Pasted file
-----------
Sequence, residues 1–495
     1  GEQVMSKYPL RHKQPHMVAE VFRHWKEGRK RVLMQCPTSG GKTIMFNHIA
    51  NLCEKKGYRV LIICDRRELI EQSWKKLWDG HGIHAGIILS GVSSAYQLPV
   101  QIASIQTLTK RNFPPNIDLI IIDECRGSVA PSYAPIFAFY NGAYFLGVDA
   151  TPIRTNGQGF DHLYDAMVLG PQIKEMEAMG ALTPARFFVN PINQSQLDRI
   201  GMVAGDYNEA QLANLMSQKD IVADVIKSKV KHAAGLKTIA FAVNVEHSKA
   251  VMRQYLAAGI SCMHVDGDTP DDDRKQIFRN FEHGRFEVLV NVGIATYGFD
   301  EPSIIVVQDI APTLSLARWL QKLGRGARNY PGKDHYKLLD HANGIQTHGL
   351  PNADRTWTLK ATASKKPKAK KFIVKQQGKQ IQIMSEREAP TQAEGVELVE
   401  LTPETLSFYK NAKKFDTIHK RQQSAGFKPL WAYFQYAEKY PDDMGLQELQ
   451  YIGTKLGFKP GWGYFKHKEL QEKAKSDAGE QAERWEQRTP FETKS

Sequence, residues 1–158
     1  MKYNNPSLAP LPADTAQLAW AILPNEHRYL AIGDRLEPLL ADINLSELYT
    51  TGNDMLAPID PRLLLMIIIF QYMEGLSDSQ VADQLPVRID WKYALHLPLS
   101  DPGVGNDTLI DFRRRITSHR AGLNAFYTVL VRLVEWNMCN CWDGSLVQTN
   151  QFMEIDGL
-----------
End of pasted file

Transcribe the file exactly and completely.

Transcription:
Sequence, residues 1–495
     1  GEQVMSKYPL RHKQPHMVAE VFRHWKEGRK RVLMQCPTSG GKTIMFNHIA
    51  NLCEKKGYRV LIICDRRELI EQSWKKLWDG HGIHAGIILS GVSSAYQLPV
   101  QIASIQTLTK RNFPPNIDLI IIDECRGSVA PSYAPIFAFY NGAYFLGVDA
   151  TPIRTNGQGF DHLYDAMVLG PQIKEMEAMG ALTPARFFVN PINQSQLDRI
   201  GMVAGDYNEA QLANLMSQKD IVADVIKSKV KHAAGLKTIA FAVNVEHSKA
   251  VMRQYLAAGI SCMHVDGDTP DDDRKQIFRN FEHGRFEVLV NVGIATYGFD
   301  EPSIIVVQDI APTLSLARWL QKLGRGARNY PGKDHYKLLD HANGIQTHGL
   351  PNADRTWTLK ATASKKPKAK KFIVKQQGKQ IQIMSEREAP TQAEGVELVE
   401  LTPETLSFYK NAKKFDTIHK RQQSAGFKPL WAYFQYAEKY PDDMGLQELQ
   451  YIGTKLGFKP GWGYFKHKEL QEKAKSDAGE QAERWEQRTP FETKS

Sequence, residues 1–158
     1  MKYNNPSLAP LPADTAQLAW AILPNEHRYL AIGDRLEPLL ADINLSELYT
    51  TGNDMLAPID PRLLLMIIIF QYMEGLSDSQ VADQLPVRID WKYALHLPLS
   101  DPGVGNDTLI DFRRRITSHR AGLNAFYTVL VRLVEWNMCN CWDGSLVQTN
   151  QFMEIDGL